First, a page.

Michael Burgess is a sports writer for the Herald on Sunday.

Golf: A Wie bit of caution for Ko

Lydia Ko is in no hurry to turn professional, despite beating most of the world's best players on her way to winning the Canadian Open. Photo / AP
Lydia Ko is in no hurry to turn professional, despite beating most of the world's best players on her way to winning the Canadian Open. Photo / AP

To understand why Lydia Ko - golf's latest sensation - isn't turning professional at the tender age of 15, it is perhaps best to review the career of one Michelle Wie.

The parallels are obvious. Ko burst into global calculations after her win at the Canadian Women's Open last week, topping a field that included 48 of the world's top 50 players. Ko could have won US$300,000 ($374,000) if she'd been a professional but earned congratulations from the likes of Gary Player, Rickie Fowler and ... fellow Korean Wie.

The latter was a pre-teen and teen golfing comet. At 10, she was the youngest player to qualify for a USGA amateur championship. She became the youngest winner of the US Women's Amateur Public Links and the youngest to qualify for a LPGA Tour event. Wie turned professional just before her 16th birthday in 2005 in a blaze of publicity and expectation that saw her heralded as the new face of women's golf. She even turned up in men's tournaments, though she missed the cut 12 of the 13 times she played with the men.

At her first professional tournament, she was disqualified for an incorrect scorecard and then missed the cut at her second event. Now, six years later, Wie has won only two LPGA tournaments. Her form fell away sharply and she decided to go to university, graduating from Stanford in March and then heading back to full-time professional golf. By June, she had missed six cuts in a row - and most judges say her problems are mental.

Wie hits the ball huge distances with a beautiful swing but the mental toughness angle was underlined by women's golfing great Annika Sorenstam, who said in an interview in 2010 that Wie "has one of the best swings in the game of golf" before pointing out that winning required more than just a pretty motion.

"I stand by [earlier comments questioning Wie's psychological make-up]. I still feel so. You would think that being on the scene for many years now that she would have [succeeded] a lot more," Sorenstam said. "It just goes to show that it's a lot more than a golf swing that matters and the mental aspect is a really important part of the game."

Sorenstam also questioned Wie's decision to go back to college, saying it did not mix with professional golf. That underlines that Ko and her handlers may have it right when it comes to holding off a professional career in favour of going to university (Ko also wants to go to Stanford). Both the US and European tours have an age bar of 18 but special dispensation can be granted, as it was for Wie when she was 16.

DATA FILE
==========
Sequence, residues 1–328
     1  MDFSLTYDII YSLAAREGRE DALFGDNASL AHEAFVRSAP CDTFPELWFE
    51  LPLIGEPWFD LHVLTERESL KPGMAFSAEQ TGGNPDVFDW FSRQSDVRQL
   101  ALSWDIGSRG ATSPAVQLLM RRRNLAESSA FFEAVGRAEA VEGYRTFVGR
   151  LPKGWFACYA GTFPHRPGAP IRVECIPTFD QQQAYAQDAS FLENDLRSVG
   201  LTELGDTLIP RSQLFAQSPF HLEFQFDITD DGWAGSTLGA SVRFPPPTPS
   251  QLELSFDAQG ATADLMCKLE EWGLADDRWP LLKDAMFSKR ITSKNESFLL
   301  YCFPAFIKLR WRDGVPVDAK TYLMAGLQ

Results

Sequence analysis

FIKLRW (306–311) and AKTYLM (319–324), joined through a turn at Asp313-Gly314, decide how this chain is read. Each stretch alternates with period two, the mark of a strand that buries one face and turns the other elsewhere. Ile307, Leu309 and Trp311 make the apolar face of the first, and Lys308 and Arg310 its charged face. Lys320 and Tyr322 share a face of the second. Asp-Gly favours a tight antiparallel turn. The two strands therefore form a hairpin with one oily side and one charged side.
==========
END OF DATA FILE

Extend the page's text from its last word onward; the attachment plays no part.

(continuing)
Golf is full of stories of young players who have burned bright and then burned out. Those case studies have shown that progressing cautiously in a pro career is not just a matter of being wise and taking things gently, it's also about garnering the right mental strength.

One of Wie's coaches, Pia Nilsson, told Golf Digest that Wie's problems were fairly typical for a player successful at a young age: "This can easily happen when you are a really good player as a child. Then you enter a period when you turn into a grown-up and start to think of things more. It's usually just a phase, and one that many players have to go through, but few have to go through it all with as many eyes on them as Michelle."

"The transition from amateur to professional can be a big step," says New Zealand Golf high performance manager Gary Thorpe. "It is very difficult to go from an elite amateur to an elite professional," says Thorpe. "No matter what you may have achieved as an amateur, everybody is a rookie professional when they first start out on the tour. You have to adapt to the game around the game and get through the learning phase."

"There is a huge mental shift that goes on when you are playing for your livelihood compared to playing for a television or a toaster," says New Zealand Golf chief executive Phil Aickin, "It can't be underestimated."

Despite her stated goal to attend a US college, the national body believe Ko will be playing for money on or before her 18th birthday.

"From what she has indicated and what we know of her vision for her career, we expect her to turn professional between the ages of 16 and 18," says Thorpe, "though those plans are set in sand not stone and she has her own personal goals."

Perhaps Ko will follow the path of Tiger Woods, who attended Stanford College but only for one year. She has taken on each new challenge with aplomb and (so far) dealt with the increasing weight of expectation upon each new achievement. She has benefited from the holistic approach of coach Guy Wilson. Ko has a mental skills coach (David Niethe), a physiotherapist (Johnny Gladwell) and a strength and conditioning trainer (Jay Harrison).

"All the elements need to be in place to succeed. There's no point perfecting your strokes if mentally you are not ready to perform," says Thorpe.

Golf New Zealand is also confident that Ko, who emigrated to New Zealand when she was five years old, will continue to represent her adopted country. Over the past two decades, there have been plenty of Korean females who honed their game here before switching back to their country of birth (Cecilia Cho is the most recent example).

"Lydia has said she wants to represent New Zealand and we are confident it will stay that way," says Aickin.

Ko will contest the British Women's Open Golf championship at Royal Liverpool on September 13.

- Herald on Sunday

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